I am a big fan of Brookfield Asset Management (TSX:BAM.A)(NYSE:BAM) and its many subsidiaries. They are constant performers with excellent long-term potential. Now is another great reason to be buying shares of two subsidiaries, Brookfield Renewable Partners (TSX:BEP.UN)(NYSE:BEP) and Brookfield Infrastructure Partners (TSX:BIP.UN)(NYSE:BIP).
The great news
In the past year, both of these stocks have been the recipients of a great piece of news. BIP issued shares based on a corporate structure, and BEP is set to do so later this year. On paper, there is no real difference in holding one type of share over the other. In either case, you own a piece of the company which entitles you to a share of the profits. There are small advantages, though, for the corporate structure over the partnership model.
The first is that the structure is more appealing to international investors, Americans in particular. The partnership units were not as appealing for large, institutional investors outside Canada due to their tax structure. The corporate shares are more convenient for these large investors, increasing their appeal and liquidity.
The corporate structure also is appealing if you want to hold these shares outside a registered account. In your TFSA or RRSP, holding partnership units is not a problem. Outside of the tax-sheltered accounts, however, the situation becomes more muddled. The complicated structure of distributions creates an extra headache at tax time and does not have the favourable tax advantages that accompany a corporate dividend.
That’s not the only good news
The fact that these companies are offering this new corporate structure is great, but there are more positive attributes to mention. After all, you don’t want to buy a stock for the dividend or structure alone; you want to buy a great business.
Both BIP and BEP are excellent, growing businesses. Brookfield excels in allocating its capital effectively on a global scale. These companies own a number of businesses that will be in high demand long after the pandemic runs its course.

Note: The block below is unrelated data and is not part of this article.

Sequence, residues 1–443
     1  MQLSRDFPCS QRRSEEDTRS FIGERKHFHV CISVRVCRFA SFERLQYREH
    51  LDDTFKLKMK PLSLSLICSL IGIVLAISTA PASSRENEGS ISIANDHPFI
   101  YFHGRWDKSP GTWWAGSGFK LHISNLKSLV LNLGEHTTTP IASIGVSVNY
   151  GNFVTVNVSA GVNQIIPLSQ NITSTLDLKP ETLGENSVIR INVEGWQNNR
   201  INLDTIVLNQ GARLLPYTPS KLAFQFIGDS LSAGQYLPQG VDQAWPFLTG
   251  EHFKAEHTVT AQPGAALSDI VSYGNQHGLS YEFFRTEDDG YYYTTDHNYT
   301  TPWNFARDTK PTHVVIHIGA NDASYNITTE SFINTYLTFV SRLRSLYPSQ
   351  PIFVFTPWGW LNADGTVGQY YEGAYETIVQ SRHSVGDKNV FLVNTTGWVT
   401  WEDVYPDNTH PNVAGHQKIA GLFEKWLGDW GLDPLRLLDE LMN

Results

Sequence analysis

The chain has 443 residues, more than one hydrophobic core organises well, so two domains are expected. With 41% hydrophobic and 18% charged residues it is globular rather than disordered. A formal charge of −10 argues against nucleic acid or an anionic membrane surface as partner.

BEP, for example, is a renewable energy giant with operations in China, South America, Europe, and more. Its operations hit practically every part of the world, giving investors a global reach. It operates renewable wind, solar, and hydropower plants as well as distribution lines and storage facilities.
BIP equally has an expansive network of operations. It operates telecom projects as far away as India and a gas distribution business in Colombia, just to name a couple of its global investments. It also runs data centres around the world — a lucrative business considering how the global economy is shifting towards online work.
Income and dividends
Those tax-advantaged dividends have another great attribute. They are growing at a decent clip. Right now, the dividends and distributions on the two companies sit at about 4.5% each at the current share prices. However, those dividends are growing considerably over time. Each of these companies has a targeted dividend-growth rate of 5-9% on an annual basis.
No investment is perfect
The biggest downside to these stocks is debt, which is, of course, the biggest risk in the global economy today. However, both of these companies provide essential services and have well-contracted operations that should grow in demand, as governments invest in infrastructure. These investments will likely include the need for more power and data storage — services that are met by these two companies.
The bottom line
Both of these companies are great long-term holds that provide recession-resistant services. As with any investment, there are always risks, such as the debt on their balance sheets. However, the long-term track record, the appealing new share structure, and the history of dividend growth are worth considering if you are a long-term investor.